Yamina Berchiche, Mariko Kobayashi, Shruti Naik and Jessica Schneider are postdoctoral research fellows at The Rockefeller University in New York. They contributed this article to Live Science's Expert Voices: Op-Ed & Insights.
There is still sexism in science. Sure, women scientists today don't experience much overt discrimination — thanks to the trailblazing women scientists of the past century, we no longer work in a culture with rigid, predetermined, gender expectations. Yet from the perspective of a female postdoctoral researcher, it is clear that the gender scales are far from balanced. Abysmal scientific funding, the surplus of Ph.D. graduates, poor compensation and increasing demands to balance family obligations with research are problems faced by all scientists, but as an aggregate hit women harder.
The disproportionate impact of those compounding problems on women is immediately apparent when examining the rates of attrition. While women hold 60 percent of all bachelor's degrees and constitute about half of the overall U.S. workforce, women in leadership positions — particularly in science, technology, engineering and mathematics (STEM) fields — remain a minority. [We Need to Talk About the Sexual Abuse of Scientists ]
Re-inventing the Good Old Boys' Club
A gender gap is most apparent at the faculty transition: Women are simply not applying to tenure-track positions at research-intensive institutions. This gender gap is particularly pronounced in the biological sciences. In a recent study by the National Research Council, women received 45 percent of biology Ph.D. degrees but represented only 26 percent of applicants for tenure-track faculty positions.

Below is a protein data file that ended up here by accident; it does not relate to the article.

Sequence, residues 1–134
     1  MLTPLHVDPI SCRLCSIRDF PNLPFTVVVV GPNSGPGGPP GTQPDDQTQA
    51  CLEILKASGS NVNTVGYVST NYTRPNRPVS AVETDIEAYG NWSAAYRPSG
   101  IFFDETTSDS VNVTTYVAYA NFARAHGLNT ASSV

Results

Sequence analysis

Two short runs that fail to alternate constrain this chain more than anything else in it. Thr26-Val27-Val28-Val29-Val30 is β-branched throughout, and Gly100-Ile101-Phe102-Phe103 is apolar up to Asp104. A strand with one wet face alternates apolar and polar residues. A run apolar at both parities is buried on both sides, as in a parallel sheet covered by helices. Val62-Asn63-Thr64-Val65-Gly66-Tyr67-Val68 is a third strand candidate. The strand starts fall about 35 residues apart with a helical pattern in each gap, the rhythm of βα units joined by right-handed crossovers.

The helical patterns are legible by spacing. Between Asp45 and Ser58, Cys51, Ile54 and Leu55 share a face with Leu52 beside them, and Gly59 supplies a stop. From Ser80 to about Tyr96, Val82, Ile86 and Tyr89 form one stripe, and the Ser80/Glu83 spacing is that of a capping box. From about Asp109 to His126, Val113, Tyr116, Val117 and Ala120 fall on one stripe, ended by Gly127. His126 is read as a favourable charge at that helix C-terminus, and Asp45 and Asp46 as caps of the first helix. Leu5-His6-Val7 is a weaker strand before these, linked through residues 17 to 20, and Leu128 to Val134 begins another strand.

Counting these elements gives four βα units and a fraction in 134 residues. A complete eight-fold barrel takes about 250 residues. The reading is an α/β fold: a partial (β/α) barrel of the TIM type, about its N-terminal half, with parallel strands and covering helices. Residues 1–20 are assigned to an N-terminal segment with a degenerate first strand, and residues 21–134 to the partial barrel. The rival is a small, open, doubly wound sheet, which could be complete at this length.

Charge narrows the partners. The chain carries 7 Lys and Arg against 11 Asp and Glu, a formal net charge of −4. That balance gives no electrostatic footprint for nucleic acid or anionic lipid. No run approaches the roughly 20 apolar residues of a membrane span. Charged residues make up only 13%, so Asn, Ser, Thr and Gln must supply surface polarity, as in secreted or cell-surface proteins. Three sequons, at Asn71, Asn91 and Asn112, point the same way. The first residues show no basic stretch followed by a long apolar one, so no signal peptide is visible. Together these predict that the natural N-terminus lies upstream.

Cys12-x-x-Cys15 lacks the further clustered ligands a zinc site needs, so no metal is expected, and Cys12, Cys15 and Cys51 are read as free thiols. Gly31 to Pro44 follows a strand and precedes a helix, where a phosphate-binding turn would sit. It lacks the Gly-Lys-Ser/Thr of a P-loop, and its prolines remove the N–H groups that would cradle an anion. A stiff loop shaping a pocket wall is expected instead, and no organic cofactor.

One reason for this failure to retain women may be the overwhelming isolation, and one solution for this problem is to build networks. An improvement on past generation's "old boys' clubs," these inclusive networks will allow women to develop the much required social capital for career progression. [5 Reasons Women Trail Men in Science ]
In the summer of 2013, we and our colleagues at The Rockefeller University came together to launch an initiative called WISeR (Women In Science at Rockefeller) to do precisely that. By creating a strong, collaborative community of women spanning many scientific disciplines, we aim to generate a supportive platform that allows young female scientists to succeed not only at their current level, but to eventually join the ranks of leadership.
Institutional support is critical in building such a platform, and while many schools are making efforts to advance the careers of women in STEM, more must be done. Unwavering support and enthusiasm at Rockefeller — among students, faculty, administration and donors, through support of the University's Women & Science initiative — has been instrumental in the launch of WISeR. We argue that such initiatives must become commonplace in all STEM training institutions. We see no better way to provide early career female scientists with the support and professional development opportunities that are crucial to reaching — or at least approaching — equal representation of genders in high-level positions throughout the sciences. [Why Research Trumps 'Certainty' (Op-Ed ) ]